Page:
Until fairly recently, most people had never seen a bed bug. Bed bug infestations actually used to be very common in the United States before World War II. But with improvements in hygiene, and especially the widespread use of DDT during the 1940s and ‘50s, the bed bugs all but vanished.
Bed bugs are small, brownish, flattened insects that feed solely on the blood of animals. Although the common bed bug prefers feeding on humans, it will also bite other warm-blooded animals, including dogs, cats, birds and rodents.
Adult bed bugs are about 3/16” long and reddish-brown, with oval-shaped, flattened bodies.
Bed bugs do not fly, and they don’t jump like fleas do ― but they can crawl rapidly over floors, walls, ceilings and other surfaces. Adult females lay their eggs in secluded places, depositing 1, 2 or more eggs per day, potentially hundreds during their lifetime. The eggs are tiny (about the size of a dust spec), whitish and hard to see without magnification, especially on light-colored surfaces.
At room temperatures, bed bug eggs hatch in about a week. Newly emerged nymphs are straw-colored and no bigger than a pinhead.
As bed bugs grow they molt, shedding their skin five times before reaching maturity. A blood meal is needed between each successive molt. Adult females also must feed in order to lay eggs. Under favorable conditions (70-80°F), the bugs can mature fully in as little as a month, producing multiple generations per year. Cooler temperatures or limited access to blood prolong the development time.
Bed bugs often hide in seams, folds and crevices of mattresses, box springs, bed frames and headboards.
Bed bugs are very resilient. Nymphs and adults can persist months without feeding which is unusual for most insects. The ability to survive without a blood meal is longer at cooler temperatures ― potentially up to a year or longer at 55°F or less. In temperature-controlled buildings, a more typical duration is about 2 to 6 months.
Bed bugs are active mainly at night. During the daytime, they prefer to hide close to where people sleep. Their flattened bodies enable them to fit into tiny crevices--especially those associated with mattresses, box springs, bed frames and headboards. Bed bugs do not have nests like ants or bees.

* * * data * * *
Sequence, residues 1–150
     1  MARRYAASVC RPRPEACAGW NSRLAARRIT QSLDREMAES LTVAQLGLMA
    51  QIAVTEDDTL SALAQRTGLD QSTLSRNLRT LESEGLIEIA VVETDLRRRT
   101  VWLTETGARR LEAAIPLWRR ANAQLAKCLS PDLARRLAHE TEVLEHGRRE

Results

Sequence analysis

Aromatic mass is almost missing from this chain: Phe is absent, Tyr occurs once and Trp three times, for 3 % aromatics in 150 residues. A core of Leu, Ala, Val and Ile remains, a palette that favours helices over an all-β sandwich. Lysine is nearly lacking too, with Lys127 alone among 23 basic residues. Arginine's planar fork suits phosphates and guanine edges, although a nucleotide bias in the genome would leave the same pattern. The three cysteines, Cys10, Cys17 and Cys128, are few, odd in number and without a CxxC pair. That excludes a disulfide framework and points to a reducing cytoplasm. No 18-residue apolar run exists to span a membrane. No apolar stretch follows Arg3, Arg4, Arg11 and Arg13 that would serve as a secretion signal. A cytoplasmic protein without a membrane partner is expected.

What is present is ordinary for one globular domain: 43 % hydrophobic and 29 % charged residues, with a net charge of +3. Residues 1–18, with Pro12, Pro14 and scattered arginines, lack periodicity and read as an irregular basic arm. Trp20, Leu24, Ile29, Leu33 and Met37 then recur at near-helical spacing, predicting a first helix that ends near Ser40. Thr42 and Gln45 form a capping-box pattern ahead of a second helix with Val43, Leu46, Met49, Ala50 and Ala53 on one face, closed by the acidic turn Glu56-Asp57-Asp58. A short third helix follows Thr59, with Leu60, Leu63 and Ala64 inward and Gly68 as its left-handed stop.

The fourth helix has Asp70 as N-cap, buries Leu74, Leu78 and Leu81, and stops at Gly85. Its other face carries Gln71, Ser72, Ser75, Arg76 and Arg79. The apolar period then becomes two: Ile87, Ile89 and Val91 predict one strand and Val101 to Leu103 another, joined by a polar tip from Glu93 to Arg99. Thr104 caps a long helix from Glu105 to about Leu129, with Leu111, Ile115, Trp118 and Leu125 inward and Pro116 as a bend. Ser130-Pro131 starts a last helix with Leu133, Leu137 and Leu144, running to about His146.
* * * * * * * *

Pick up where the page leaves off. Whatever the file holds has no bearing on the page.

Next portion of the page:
Possible sign are rusty or reddish smears on bed sheets or mattresses from crushed engorged bed bugs.
Bed bugs prefer to hide close to where they feed, but if necessary will crawl several feet to obtain a meal. Initially the bugs tend to be situated around sleeping areas, beds, couches and recliners.
CONFIRM THAT THEY’RE BED BUG BITES
Bed bugs usually bite people at night while they are sleeping. Before you run off and buy every cream the pharmacy stocks, you’ll want to confirm that the marks are actually from bed bugs.
The best way to confirm that the bites are from bed bugs is to find other evidence of a bed bug infestation. Common telltale signs can be found on or near your mattress: pull up your sheets and check the seams and folds for thin black fecal streaks or small red blood spots. You might also find bed bugs, living or dead, and their discarded shells in various hiding places, such as the joints of your bed frame.
Bed bugs are challenging to eradicate. Since they can hide in so many places, inspections must be thorough and elimination is not always a certainty. Whenever resources allow, it’s prudent to enlist the services of a professional. Experienced pest controllers know where to look for bed bugs, and have an assortment of tools at their disposal. Since bed bugs can disperse throughout a building, it often will be necessary to inspect adjoining rooms and apartments as well.